In The Cemetery Where Al Jolsen is Buried

In The Cemetery Where Al Jolsen is Buried None

  • Title: In The Cemetery Where Al Jolsen is Buried
  • Author: Amy Hempel
  • ISBN: null
  • Page: 327
  • Format: None
  • None

    • Unlimited [Nonfiction Book] Þ In The Cemetery Where Al Jolsen is Buried - by Amy Hempel ¿
      327 Amy Hempel
    • thumbnail Title: Unlimited [Nonfiction Book] Þ In The Cemetery Where Al Jolsen is Buried - by Amy Hempel ¿
      Posted by:Amy Hempel
      Published :2018-06-27T09:27:44+00:00

    1 thought on “In The Cemetery Where Al Jolsen is Buried”

    1. Amy Hempel's In The cemetery Where Al Jolsen is Buried is a moving story of a woman living through the death of her best friend from a terminal illness. The prose is beautifully written and very moving, and very skillfully shows the emotions she is going through without sappy sentimentality. It is amazing to see how this author packs 400 pages worth of emotion into one short story that takes a half hour to read. Hats off to this author, and I would love to read more of her work.

    2. This story pulls no punches, and the way Hempel combines voice and prose is absolutely outstanding to me. Her use of language is economical, and from a literary perspective I highly admire how she has constructed this story. The story itself isn't complex, but the protagonists are developed incredibly within such a short time frame, their raw emotions and inner conflict spread throughout the story. If you had to read ONE contemporary story, make it this one.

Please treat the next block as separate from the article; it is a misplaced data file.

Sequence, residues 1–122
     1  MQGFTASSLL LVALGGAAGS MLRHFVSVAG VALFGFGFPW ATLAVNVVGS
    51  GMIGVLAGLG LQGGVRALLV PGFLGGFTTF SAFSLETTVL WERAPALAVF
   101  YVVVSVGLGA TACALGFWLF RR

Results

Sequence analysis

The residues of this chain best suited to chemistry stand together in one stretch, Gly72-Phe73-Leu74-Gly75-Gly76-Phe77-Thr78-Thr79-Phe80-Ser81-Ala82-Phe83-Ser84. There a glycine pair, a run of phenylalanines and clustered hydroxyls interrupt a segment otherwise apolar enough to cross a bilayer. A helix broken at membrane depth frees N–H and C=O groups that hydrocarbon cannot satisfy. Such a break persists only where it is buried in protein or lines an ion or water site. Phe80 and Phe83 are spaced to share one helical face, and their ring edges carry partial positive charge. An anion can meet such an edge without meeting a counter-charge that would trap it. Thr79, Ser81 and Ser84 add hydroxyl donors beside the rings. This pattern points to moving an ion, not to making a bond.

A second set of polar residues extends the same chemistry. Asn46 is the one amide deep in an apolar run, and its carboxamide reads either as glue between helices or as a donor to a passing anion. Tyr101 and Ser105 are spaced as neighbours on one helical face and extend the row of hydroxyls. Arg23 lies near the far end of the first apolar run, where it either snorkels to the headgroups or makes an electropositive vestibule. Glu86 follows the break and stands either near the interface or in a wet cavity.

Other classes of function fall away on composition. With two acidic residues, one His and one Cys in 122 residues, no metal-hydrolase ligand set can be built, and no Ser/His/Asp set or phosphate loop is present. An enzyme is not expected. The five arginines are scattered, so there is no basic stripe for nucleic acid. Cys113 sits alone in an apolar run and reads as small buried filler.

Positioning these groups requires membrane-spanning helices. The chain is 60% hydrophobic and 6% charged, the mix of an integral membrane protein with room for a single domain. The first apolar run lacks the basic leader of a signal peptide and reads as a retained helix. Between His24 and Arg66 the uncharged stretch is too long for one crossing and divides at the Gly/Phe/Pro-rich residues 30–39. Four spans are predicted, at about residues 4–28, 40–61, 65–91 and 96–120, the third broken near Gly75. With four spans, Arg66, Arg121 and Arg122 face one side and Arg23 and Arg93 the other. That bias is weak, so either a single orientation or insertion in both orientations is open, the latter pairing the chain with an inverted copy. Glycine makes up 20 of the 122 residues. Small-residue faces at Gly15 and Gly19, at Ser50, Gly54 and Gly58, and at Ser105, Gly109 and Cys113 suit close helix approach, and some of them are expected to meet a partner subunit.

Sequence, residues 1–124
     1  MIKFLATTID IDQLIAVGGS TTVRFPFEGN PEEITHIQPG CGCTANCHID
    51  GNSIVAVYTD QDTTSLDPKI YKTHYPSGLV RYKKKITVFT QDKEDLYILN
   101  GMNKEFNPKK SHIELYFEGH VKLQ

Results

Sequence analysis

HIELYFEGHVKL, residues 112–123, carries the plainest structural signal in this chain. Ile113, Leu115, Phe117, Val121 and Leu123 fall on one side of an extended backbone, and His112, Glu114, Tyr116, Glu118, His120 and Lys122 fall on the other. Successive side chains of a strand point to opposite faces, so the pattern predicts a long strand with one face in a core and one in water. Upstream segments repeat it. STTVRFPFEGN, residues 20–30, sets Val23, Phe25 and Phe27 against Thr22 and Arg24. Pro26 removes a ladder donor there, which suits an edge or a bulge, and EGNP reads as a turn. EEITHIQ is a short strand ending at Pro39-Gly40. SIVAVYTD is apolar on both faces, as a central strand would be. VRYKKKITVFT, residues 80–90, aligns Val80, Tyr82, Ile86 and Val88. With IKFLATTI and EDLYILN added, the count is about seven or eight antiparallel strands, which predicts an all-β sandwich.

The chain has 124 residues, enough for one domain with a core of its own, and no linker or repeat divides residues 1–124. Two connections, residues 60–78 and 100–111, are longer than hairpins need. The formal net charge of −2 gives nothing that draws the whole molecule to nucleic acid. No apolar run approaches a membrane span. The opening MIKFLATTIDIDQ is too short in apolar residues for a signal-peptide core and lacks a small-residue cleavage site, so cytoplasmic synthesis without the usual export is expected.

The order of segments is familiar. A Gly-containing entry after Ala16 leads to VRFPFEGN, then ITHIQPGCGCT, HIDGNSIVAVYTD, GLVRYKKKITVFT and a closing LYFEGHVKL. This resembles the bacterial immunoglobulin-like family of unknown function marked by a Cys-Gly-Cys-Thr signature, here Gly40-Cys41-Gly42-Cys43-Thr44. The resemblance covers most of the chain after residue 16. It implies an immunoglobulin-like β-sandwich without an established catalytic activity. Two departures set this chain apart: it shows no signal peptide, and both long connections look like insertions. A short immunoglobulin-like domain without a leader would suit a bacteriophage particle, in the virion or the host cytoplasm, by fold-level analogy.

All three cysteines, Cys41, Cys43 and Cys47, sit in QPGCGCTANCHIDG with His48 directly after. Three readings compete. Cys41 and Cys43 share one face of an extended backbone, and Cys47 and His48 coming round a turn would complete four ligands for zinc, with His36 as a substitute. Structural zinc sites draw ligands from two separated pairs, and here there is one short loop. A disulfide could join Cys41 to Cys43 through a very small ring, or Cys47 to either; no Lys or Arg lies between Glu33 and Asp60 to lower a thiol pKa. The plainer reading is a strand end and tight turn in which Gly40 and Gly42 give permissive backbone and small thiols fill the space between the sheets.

3. Not a happy short story. Listened to an audio version, beautifully read. I found the ending particularly abrupt. 3.5 out of 5.

    4. "I had a convertible in the parking lot. Once out of that room, I would drive it too fast down the Coast highway through the crab-smelling air. A stop in Malibu for sangria. The music in the place would be sexy and loud. They'd serve papaya and shrimp and watermelon ice. After dinner I would shimmer with lust, buzz with heat, life, and stay up all night."

    5. A subtle tale of grief, yet I will remember it more for the quirky trivia it abounds with. I am not yet sure if this a success or a failing of the story.

    6. If there's a better short story ever written, I've yet to read it. Read it maybe 30 times and it's more powerful with every reading. I can barely get through it anymore.

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